Nevertheless, Buddhists in North Korea reportedly fared better than other religious groups — particularly Christians, who were said to often face persecution by the authorities, and Buddhists were given limited funding by the government to promote the religion, given that Buddhism played an integral role in traditional Korean culture.
According to Human Rights Watch, free religious activities no longer exist in North Korea as the government sponsors religious groups only to create an illusion of religious freedom. According to Religious Intelligence the situation of religion in North Korea is the following:
- Irreligion: 15,460,000 adherents (64.31% of population, the vast majority of which are adherents of the Juche philosophy)
- Korean shamanism: 3,846,000 adherents (16% of population)
- Cheondoism: 3,245,000 adherents (13.50% of population)
- Buddhism: 1,082,000 adherents (4.50% of population)
- Christianity: 406,000 adherents (1.69% of population)
It should be noted that the promoters of Juche describe it as a secular and ethical philosophy, not as a religion. However, from a sociological viewpoint it's overtly and clearly religious. Thomas J. Belke has written a book describing Juche as the newest world religion, with "more adherents than Judaism, Sikhism, Jainism or Zoroastrianism"
Pyongyang was the center of Christian activity in Korea before the Korean War. Today, four state-sanctioned churches exist, which freedom of religion advocates say are showcases for foreigners. Official government statistics report that there are 10,000 Protestants and 4,000 Roman Catholics in North Korea.
According to a ranking published by Open Doors, an organization that supports persecuted Christians, North Korea is currently the country with the most severe persecution of Christians in the world. Human rights groups such as Amnesty International also have expressed concerns about religious persecution in North Korea.
- Main article: Education in North Korea
Education in North Korea is controlled by the government and is compulsory until the secondary level. Compulsory education lasts eleven years, and encompasses one year of preschool, four years of primary education and six years of secondary education. The North Korean School curricula consists of both academic and political subject matter.
Primary schools are known as people's schools and children attend this school from the age of six to nine. They are later enrolled in either a regular secondary school or a special secondary school, depending on their specialities. They enter secondary school at the age of ten and leave when they are sixteen.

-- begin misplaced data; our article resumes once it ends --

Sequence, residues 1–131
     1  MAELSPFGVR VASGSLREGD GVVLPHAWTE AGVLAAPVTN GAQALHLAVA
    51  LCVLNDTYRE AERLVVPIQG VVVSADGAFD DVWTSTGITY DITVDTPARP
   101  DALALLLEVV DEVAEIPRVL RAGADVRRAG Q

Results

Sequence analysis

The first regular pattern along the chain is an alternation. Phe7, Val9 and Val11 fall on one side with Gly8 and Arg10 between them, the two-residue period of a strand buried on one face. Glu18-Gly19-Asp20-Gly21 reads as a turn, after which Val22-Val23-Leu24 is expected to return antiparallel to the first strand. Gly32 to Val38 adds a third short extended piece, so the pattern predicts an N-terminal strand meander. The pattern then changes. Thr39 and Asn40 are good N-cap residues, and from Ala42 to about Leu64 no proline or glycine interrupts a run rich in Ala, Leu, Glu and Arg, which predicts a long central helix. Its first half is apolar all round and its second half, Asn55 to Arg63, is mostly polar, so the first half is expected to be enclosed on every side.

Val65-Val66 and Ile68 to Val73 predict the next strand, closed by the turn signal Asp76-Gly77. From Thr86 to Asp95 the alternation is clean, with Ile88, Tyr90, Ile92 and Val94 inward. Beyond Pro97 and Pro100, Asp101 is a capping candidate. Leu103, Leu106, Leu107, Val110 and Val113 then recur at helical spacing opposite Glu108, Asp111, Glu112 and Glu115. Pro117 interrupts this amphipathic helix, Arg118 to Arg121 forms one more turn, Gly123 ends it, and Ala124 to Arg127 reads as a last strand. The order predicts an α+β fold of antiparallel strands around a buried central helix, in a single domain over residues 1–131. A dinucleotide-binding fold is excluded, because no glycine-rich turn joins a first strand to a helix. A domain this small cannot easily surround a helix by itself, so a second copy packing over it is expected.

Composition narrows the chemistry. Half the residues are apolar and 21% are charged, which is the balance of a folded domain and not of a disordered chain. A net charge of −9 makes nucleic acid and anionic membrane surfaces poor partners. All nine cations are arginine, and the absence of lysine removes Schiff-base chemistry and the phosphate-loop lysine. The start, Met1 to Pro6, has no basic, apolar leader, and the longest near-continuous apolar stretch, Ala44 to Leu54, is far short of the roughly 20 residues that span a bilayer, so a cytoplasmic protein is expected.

Higher education is not compulsory in North Korea. It is composed of two systems: academic higher education and higher education for continuing education. The academic higher education system includes three kinds of institutions: universities, professional schools, and technical schools. Graduate schools for master and doctoral level studies are attached to universities, and are for students who want to continue their education. There are several universities in North Korea, of which the most famous one is the Kim Il-sung University.
- Main article: Health in North Korea
Health care and medical treatment is free in North Korea. North Korea spends 3% of its gross domestic product on health care. Its healthcare system has been in a steep decline since the 1990s due to natural disasters, economic problems, and food and energy shortages. Many hospitals and clinics in North Korea lack essential medicines and equipment, running water and electricity.
Almost 100% of the population has access to water and sanitation, but it is not completely potable. Infectious diseases such as tuberculosis, malaria, and hepatitis B are considered to be endemic to the country.
According to 2008 estimates, North Korea had the 117th highest life expectancy of any country in the world, with an average life expectancy of 72.2 years at birth. North Korea has a death rate of 7.29 deaths per 1,000 people.
Among other health problems, many North Korean citizens suffer from the after effects of malnutrition, caused by famines related to the failure of its food distribution program and military first policy. A 1998 United Nations (UN) World Food Program report revealed that 60% of children suffered from malnutrition, and 16% were acutely malnourished. As a result, those who suffered during the disaster have ongoing health problems.